Headlines: March 5, 2010
by Meg Larkin
Despite recent setbacks, the White House is pushing Congress to pass health reform legislation by March 18th. However, divisions among Congressional Democrats are making it harder to build a coalition that supports the reconciliation process. Many House Democrats are nervous about first passing the Senate bill and then trying to pass a budget reconciliation measure. Issues that have haunted the health reform process from the beginning continue to play a role in the political calculus, including funding for abortions, and the large payouts to state Medicaid programs included in the Senate bill. President Obama continues to urge lawmakers to move forward, and he is planning to use his bully-pulpit at a series of appearances in Pennsylvania and Missouri to encourage wary Democrats to pass a health reform bill.
The Mental Health Parity Act, widely regarded as the last large health reform bill passed by congress, is coming in to effect this year. The act, among other things, requires group insurance plans to charge the same deductibles and co-pays for mental health services as they do for other medical services. That part of the law took effect for most plans on January 1. The Obama Administration has promulgated 154 pages of regulations governing the implementation of the law, which will have legal force in July of this year after a notice and comment period. Employers are concerned that the added mental health benefits may cause health care premiums to rise across the board, but the Act’s supporters hope that the bill will encourage people with mental health issues to get the help they need.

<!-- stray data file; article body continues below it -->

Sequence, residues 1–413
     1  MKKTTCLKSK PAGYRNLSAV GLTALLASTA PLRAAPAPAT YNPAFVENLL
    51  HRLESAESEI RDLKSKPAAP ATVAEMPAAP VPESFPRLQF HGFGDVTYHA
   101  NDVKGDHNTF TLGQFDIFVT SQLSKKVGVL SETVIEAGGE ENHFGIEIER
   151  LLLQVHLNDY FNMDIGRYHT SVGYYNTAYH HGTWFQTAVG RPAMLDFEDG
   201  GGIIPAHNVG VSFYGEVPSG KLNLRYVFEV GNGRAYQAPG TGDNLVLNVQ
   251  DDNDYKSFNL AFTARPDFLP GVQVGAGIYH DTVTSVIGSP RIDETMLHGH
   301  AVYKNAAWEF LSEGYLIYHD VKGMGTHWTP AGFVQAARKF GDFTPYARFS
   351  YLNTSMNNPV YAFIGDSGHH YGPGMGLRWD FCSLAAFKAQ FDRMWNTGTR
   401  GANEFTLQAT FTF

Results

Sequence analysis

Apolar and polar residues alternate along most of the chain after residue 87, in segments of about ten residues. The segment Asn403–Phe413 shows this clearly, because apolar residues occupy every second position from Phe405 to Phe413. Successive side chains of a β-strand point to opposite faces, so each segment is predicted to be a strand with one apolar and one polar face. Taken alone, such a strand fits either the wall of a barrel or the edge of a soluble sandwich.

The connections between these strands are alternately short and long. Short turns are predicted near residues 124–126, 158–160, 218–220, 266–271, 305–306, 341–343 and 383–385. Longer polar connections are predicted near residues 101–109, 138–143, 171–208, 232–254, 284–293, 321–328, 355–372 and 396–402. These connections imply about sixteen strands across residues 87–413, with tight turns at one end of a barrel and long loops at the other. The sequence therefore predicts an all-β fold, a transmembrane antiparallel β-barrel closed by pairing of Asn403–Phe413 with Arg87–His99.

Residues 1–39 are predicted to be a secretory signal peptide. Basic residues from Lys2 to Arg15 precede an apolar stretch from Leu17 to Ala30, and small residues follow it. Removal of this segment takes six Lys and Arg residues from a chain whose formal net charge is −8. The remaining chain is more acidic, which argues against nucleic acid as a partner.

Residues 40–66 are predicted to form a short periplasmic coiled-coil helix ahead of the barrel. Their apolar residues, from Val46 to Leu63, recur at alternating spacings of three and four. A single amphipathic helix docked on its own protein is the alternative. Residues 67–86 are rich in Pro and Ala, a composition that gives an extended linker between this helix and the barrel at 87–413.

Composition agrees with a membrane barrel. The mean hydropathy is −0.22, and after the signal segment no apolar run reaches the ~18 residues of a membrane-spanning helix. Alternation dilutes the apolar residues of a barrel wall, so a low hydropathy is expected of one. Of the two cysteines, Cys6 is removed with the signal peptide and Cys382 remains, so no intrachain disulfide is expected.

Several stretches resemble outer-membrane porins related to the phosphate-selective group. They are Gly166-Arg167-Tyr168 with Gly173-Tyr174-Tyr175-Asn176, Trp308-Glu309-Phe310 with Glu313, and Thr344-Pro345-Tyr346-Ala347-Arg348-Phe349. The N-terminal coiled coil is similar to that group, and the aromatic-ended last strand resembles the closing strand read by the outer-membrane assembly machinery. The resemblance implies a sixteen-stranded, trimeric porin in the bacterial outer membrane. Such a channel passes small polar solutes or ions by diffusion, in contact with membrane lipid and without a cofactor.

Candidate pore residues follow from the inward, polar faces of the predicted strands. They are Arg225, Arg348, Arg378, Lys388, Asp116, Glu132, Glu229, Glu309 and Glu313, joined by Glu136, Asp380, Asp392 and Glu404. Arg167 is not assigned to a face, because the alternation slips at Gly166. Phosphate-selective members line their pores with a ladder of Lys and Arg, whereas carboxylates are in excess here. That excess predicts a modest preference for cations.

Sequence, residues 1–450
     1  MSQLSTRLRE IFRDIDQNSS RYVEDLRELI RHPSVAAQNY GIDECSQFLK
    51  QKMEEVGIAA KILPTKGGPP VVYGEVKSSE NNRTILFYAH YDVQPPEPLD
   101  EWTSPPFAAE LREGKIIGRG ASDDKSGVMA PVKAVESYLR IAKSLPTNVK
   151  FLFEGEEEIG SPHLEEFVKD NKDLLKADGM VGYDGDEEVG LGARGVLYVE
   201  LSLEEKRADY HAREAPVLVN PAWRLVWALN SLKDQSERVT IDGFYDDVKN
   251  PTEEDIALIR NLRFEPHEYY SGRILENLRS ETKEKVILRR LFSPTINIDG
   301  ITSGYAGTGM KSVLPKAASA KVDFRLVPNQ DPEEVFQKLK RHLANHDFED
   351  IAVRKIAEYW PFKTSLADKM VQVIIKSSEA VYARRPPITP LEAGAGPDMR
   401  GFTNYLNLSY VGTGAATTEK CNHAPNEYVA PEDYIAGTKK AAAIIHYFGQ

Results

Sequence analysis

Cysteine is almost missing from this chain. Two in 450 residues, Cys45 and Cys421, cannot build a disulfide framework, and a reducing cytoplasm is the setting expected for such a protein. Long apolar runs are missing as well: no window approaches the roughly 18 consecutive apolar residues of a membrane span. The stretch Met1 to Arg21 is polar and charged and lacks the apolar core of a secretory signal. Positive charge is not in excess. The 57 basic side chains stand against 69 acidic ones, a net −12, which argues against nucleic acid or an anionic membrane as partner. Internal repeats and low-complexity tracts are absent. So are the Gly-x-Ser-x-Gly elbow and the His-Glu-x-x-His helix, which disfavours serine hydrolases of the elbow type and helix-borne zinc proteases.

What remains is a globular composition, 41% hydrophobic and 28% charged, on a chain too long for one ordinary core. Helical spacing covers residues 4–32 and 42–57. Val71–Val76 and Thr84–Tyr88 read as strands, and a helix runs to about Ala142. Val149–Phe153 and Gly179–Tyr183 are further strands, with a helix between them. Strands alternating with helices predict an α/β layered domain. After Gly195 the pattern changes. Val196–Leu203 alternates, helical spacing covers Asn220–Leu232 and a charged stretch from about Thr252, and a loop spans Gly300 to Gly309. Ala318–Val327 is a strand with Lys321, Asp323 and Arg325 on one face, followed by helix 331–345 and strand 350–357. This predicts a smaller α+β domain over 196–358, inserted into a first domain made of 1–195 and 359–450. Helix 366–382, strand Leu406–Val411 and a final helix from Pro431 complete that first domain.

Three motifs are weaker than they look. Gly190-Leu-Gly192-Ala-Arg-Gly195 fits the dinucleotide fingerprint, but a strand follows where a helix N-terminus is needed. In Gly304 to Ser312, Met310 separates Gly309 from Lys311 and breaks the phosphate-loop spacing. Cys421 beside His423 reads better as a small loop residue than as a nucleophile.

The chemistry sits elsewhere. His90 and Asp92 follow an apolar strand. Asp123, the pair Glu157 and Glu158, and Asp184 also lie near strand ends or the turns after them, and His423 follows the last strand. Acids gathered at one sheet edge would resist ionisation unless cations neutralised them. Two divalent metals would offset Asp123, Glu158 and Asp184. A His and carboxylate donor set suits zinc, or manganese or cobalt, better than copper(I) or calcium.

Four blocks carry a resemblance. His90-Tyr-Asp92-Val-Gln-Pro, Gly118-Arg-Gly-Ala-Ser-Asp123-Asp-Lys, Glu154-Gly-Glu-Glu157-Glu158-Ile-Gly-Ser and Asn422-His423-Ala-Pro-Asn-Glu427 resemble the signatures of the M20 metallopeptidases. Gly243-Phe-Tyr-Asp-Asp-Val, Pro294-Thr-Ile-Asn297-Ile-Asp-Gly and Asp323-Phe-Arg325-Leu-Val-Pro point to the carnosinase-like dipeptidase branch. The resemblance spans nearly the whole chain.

In food and drug news, the F.D.A. has been cracking down on misleading food labeling. According to the New York Times, “The agency accused [some] companies of pumping up the nutritional claims of their products or masking contents like unhealthy fats.” On Wednesday, the agency sent 17 letters to food manufacturers expressing concern about their product labels. At the same time, the F.D.A. commissioner released an open letter expressing an interest in working with the industry to come up with clearer science-based labeling standards.
In other food news, drinking coffee can lower an individual’s risk of having an irregular heartbeat. According to the Boston Globe, “A study of 130,054 adults found that people who drank four cups or more of coffee daily had an 18 percent lower risk of being hospitalized for irregular heartbeats and other heart- rhythm conditions than non-coffee drinkers.” The study, by researchers at the Kaiser Permanente health system, will be presented today at the American Heart Association conference in San Francisco.
Finally, a new chemotherapy drug has had success in treating advanced prostate cancer. The drug, cabazitaxel, produced by Sanofi-Aventis, is intended for use when another chemotherapy drug, Taxotere, produced by Sanofi, stops working. According to the New York Times, “In the clinical trial, men who received cabazitaxel lived a median of 15.1 months, compared with 12.7 months for those who received another cancer drug, mitoxantrone, a difference that was statistically significant.” The drug was tested on 755 men from 26 countries, and Sanofi-Aventis hopes the study will help it complete it’s application for approval of cabazitaxel by the F.D.A.
Meg Larkin is a second year law student at Boston University. Please feel free to email her with any questions, comments, suggestions, or concerns.